Four Ways Risk Assessment Excel Spreadsheets May Not Help Your Business

Mandarin Oriental is the latest big company to see its name added to the list of organizations suffering a data breach via their point-of-sale (POS) systems. The luxury hotel chain confirmed that malware infected their systems—which are still using Windows XP—and that customer credit card data was stolen.

Vulnerable POS systems have become a common access point for cyberattackers over the past few years; the Mandarin Oriental breach is only unusual in that the organization caters to a high-end clientele. One goal risk professionals strive for is to ensure that vendors are doing everything possible to minimize risk posed not only by payment card platforms, but also a variety of other systems and processes. Often, the method risk staffs use is a risk assessment Excel spreadsheet, sent to and answered by key third parties. This option is inexpensive compared with automated solutions, and it is designed on a platform familiar to most digital employees. However, this option may prove to be more of a detriment to the companies initiating the screenings. Here are four ways risk assessment Excel spreadsheets may not help your business:

1. The spreadsheet is old

A major issue with a risk assessment Excel spreadsheet is that you might not know how recently the screening has been updated, if at all. In other words, you might be assessing a vendor with the hopes of addressing today’s threats, yet with a questionnaire designed five years ago (and not updated since). Windows XP is a perfect example of an outdated focus: If a risk assessment isn’t acknowledging that the operating system is no longer supported, the screening is behind the times—and your data will be faulty. Most vendor risk management software platforms solve this dilemma by offering assessments that are continually updated to reflect the latest concerns, revisions, and threats.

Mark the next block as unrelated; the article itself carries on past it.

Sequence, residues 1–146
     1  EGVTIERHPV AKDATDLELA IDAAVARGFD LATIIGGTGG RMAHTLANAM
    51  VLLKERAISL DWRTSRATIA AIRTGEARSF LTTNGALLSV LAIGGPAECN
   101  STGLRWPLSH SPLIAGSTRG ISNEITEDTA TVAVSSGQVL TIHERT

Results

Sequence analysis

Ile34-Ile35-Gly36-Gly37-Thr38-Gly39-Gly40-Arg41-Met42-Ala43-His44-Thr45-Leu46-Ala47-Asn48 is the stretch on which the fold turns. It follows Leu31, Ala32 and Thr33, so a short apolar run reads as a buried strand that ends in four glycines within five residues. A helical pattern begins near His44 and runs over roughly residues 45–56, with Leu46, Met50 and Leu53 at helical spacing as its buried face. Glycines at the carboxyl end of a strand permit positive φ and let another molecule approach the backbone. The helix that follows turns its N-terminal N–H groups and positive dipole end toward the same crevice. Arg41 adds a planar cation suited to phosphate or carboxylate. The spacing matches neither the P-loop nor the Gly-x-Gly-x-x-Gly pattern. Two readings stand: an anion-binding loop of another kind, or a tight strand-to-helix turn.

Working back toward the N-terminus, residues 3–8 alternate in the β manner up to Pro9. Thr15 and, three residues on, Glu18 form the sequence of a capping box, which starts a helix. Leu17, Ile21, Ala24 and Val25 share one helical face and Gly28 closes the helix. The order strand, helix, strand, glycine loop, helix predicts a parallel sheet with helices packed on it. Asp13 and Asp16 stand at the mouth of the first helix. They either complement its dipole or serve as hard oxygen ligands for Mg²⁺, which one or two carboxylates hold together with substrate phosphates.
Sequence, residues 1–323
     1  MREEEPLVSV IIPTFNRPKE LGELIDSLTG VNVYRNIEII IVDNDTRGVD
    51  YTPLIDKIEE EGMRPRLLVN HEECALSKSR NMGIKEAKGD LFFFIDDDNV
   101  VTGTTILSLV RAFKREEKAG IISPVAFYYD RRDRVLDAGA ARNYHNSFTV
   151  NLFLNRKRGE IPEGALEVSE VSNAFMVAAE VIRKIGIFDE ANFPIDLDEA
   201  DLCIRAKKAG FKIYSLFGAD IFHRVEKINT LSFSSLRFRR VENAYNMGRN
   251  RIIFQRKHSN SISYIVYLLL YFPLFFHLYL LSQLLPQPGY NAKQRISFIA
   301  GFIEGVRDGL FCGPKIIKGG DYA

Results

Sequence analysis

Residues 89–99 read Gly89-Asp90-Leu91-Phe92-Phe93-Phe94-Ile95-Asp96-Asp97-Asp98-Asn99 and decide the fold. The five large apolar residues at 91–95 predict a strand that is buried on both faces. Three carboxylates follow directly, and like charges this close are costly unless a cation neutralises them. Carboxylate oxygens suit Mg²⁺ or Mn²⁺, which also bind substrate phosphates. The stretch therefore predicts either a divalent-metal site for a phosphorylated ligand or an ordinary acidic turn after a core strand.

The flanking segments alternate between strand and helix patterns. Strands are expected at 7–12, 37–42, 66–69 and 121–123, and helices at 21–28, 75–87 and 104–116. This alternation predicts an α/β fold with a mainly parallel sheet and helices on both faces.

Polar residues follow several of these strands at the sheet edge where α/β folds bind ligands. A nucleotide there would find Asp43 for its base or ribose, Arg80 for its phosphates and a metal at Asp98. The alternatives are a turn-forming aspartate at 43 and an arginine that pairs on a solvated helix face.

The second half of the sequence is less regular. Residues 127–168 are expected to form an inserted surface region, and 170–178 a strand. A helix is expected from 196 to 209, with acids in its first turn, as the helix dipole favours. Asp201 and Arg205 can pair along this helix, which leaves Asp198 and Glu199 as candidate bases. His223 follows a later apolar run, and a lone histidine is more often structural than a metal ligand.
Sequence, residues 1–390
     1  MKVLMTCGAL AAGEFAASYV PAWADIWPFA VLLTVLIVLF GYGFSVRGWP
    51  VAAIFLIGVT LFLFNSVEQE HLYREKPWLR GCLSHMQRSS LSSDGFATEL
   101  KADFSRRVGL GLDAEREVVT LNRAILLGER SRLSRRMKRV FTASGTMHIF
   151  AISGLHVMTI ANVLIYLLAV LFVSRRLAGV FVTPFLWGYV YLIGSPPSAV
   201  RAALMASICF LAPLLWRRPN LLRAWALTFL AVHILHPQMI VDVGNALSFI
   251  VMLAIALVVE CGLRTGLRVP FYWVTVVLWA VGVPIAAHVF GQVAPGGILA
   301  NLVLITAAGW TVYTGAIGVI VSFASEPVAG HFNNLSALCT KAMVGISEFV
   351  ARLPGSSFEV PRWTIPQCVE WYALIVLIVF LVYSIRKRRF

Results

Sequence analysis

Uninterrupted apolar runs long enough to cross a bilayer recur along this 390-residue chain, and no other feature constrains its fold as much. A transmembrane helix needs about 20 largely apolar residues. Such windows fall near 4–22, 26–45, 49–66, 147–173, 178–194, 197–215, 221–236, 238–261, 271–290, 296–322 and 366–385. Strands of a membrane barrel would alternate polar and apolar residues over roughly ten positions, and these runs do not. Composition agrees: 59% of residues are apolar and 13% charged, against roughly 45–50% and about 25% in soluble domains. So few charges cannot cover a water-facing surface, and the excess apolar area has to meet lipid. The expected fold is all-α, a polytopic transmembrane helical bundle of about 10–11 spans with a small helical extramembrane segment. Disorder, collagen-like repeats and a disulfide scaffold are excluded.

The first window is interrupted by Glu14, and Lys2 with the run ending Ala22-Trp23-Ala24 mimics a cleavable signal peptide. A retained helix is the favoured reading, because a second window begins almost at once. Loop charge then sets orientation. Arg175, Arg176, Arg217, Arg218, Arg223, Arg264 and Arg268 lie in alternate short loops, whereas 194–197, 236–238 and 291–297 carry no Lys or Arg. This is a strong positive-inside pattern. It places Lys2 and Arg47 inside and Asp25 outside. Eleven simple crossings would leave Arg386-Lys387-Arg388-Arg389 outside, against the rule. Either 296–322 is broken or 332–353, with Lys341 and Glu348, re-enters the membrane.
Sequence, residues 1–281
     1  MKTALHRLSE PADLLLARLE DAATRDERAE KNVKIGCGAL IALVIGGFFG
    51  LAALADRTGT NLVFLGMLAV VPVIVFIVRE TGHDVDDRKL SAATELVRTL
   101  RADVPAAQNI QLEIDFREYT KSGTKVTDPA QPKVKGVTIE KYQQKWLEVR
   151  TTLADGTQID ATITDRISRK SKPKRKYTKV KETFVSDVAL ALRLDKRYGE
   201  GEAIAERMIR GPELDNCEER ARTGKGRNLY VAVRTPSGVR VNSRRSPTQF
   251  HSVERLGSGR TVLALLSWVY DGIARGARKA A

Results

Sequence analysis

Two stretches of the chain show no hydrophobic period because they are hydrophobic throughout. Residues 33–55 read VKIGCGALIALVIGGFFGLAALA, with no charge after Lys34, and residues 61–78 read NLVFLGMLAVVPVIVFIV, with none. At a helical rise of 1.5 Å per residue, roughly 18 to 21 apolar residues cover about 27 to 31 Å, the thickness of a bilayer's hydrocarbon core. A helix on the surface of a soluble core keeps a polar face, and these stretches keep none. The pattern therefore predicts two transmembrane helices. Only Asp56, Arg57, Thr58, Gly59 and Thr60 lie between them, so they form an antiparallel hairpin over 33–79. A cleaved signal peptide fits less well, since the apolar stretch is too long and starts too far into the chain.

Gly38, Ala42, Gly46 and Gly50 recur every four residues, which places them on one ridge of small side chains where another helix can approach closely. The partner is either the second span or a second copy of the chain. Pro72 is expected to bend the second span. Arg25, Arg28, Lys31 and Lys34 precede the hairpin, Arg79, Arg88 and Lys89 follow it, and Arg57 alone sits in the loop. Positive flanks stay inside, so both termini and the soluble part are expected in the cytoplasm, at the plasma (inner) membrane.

2. The vendor takes too much time to complete the assessment

Another weakness of a risk assessment Excel spreadsheet is the time required to complete the screening process on the vendor’s end. One spreadsheet is forwarded from individual to individual and department to department, and extra time is required for it to be completed, one section at a time. A process that should only take a few days might stretch weeks or longer; any risks that might be present languish undiscovered, just waiting to turn into something more serious. Automated solutions help by allowing for delegation of assessments sections to relevant employees and respondents, thus permitting the entire screening to be worked on simultaneously.

3. Your staff is overwhelmed

Once a vendor completes a risk assessment Excel spreadsheet, the fun really begins. Risk professionals must then pore through the results, often question by question, to arrive at any sort of meaningful analysis. The process takes time—time that risk staffs don’t have, time that is added to the weeks required just to get the spreadsheet back from the vendor in the first place, and time that could be devoted to other risky vendors.

4. The assessment produces inconclusive data

Logistical obstacles of a risk assessment Excel spreadsheet can be annoying but might be tolerated by some risk staffs. Bad data generally cannot. If a spreadsheet-based assessment’s rating system is flawed (if it has a rating system at all), the results might not give you the results you are looking for. Worse yet, the data might be skewed, thus leading to ill-informed decisions. Automated solutions that employ comprehensive risk scoring produce comprehensive, streamlined results that give risk professionals confidence that their management choices are being made with the best information possible.

What has been your experience with a risk assessment Excel spreadsheet?

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